Traumatic brain injury and offending: An economic analysis

Centre for Mental Health, July 2016

Over a million people in this country live with the consequences of traumatic brain injury, at a cost to the economy of around £15 billion a year.

This report sheds light on head injury (in which the brain is damaged by impact, such as from a fall, a road accident or violence), and the risks it poses. The report finds that a head injury doubles a person’s risk of later mental health problems, even if the person had no prior history of mental ill-health.

Traumatic brain injury also has a marked impact on the economy, at a cost of £15 billion a year. This figure comprises of lost work contributions, premature death and health and social care costs. This £15 billion does not, however, include the human costs of head injury on people’s wellbeing and quality of life, which is clearly the biggest cost.

Click here  for further information and to download the report.

Guide to Service User Involvement and Co-Production

Revolving Doors, March 2016

Voluntary and community organisations, statutory agencies and other groups working with offenders, ex-offenders and their families are constantly looking to improve the services they offer their service users. Service user involvement (SUI) is recognised as an effective tool to achieve this.  This guide is for managers, staff, trustees and volunteers of any organisation that wants to involve their service users in the management, design, delivery and evaluation of their services.

Click here to download the guide.

Interventions for drug-using offenders with co-occurring mental illness

The Cochrane Database of Systematic Reviews, June 2015

This is an updated version of an original Cochrane review published in Issue 3 2006 (Perry 2006). The review represents one from a family of four reviews focusing on interventions for drug-using offenders. This specific review considers interventions aimed at reducing drug use or criminal activity, or both for drug-using offenders with co-occurring mental illness.  The review aims to assess the effectiveness of interventions for drug-using offenders with co-occurring mental illness in reducing criminal activity or drug use, or both.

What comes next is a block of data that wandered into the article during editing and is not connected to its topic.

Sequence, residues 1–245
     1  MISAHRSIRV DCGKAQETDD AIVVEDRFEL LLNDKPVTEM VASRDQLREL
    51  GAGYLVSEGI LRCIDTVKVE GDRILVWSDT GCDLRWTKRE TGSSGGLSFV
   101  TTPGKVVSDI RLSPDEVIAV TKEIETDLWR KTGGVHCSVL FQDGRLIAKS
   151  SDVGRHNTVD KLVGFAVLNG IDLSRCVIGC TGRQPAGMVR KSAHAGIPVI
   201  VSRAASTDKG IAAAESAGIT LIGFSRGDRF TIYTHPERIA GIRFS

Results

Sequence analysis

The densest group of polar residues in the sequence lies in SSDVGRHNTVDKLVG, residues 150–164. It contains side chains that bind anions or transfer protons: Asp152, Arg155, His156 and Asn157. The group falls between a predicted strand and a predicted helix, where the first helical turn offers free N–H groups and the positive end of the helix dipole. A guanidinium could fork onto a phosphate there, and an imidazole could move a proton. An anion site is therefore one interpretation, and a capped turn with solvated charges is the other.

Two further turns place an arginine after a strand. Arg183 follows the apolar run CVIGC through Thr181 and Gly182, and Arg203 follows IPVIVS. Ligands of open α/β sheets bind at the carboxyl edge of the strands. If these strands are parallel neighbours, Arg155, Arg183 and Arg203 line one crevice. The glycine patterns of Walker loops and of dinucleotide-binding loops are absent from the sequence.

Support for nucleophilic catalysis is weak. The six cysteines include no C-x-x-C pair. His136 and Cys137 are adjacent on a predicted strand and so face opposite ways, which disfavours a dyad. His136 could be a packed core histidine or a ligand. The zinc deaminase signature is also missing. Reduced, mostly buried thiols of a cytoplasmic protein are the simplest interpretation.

Click here to access the full text paper.

Fact sheets for frontline staff working in the criminal justice system who come into contact with people with learning disabilities

Foundation for People with Learning Disabilities, May 2015

The Foundation for People with Learning Disabilities have created a range of fact sheets and information resources to help frontline services staff assist people with Learning Disabilities who have come into contact with the criminal justice system.

Click here for further information.

A Good Life: Exploring what matters to people facing multiple and complex needs

Revolving Doors Agency, February 2015

This report presents findings from research with a group of individuals who have faced multiple and complex needs, asking them about their hopes and aspirations and what their good life would look like.

Click here to download the report.

Comprehensive Services for Complex Needs: A Summary of the Evidence

Revolving Doors, 29 January 2015

This report assesses the evidence for three programmes designed to work directly with people facing multiple and complex needs: Multisystemic Therapy; wraparound; and the link worker model. It shows these programmes can address important issues such as crime and homelessness, while improving clients’ wellbeing.

The briefing outlines both the cost-benefit and the effectiveness of these service models.  The report shows that some of the most excluded and disadvantaged people in society can be effectively helped through better, more targeted support.

Click here for further information and to download the report.

Mental Health Treatment – Supporting Integrated Delivery guidance

Department of Health, 30 December 2014

This guidance seeks to provide support to service commissioning and provider agencies so that appropriate mental health service provision and inter-agency partnerships enable Mental Health Treatment Requirements (MHTR) delivery locally.

The guidance reflects the changes to responsibility for probation services in England and Wales from 2014 resulting from the Government’s Transforming Rehabilitation reforms and the Offender Rehabilitation Act 2014. Information on who to contact for further information is also included.

Click here for further information and to download the guidance.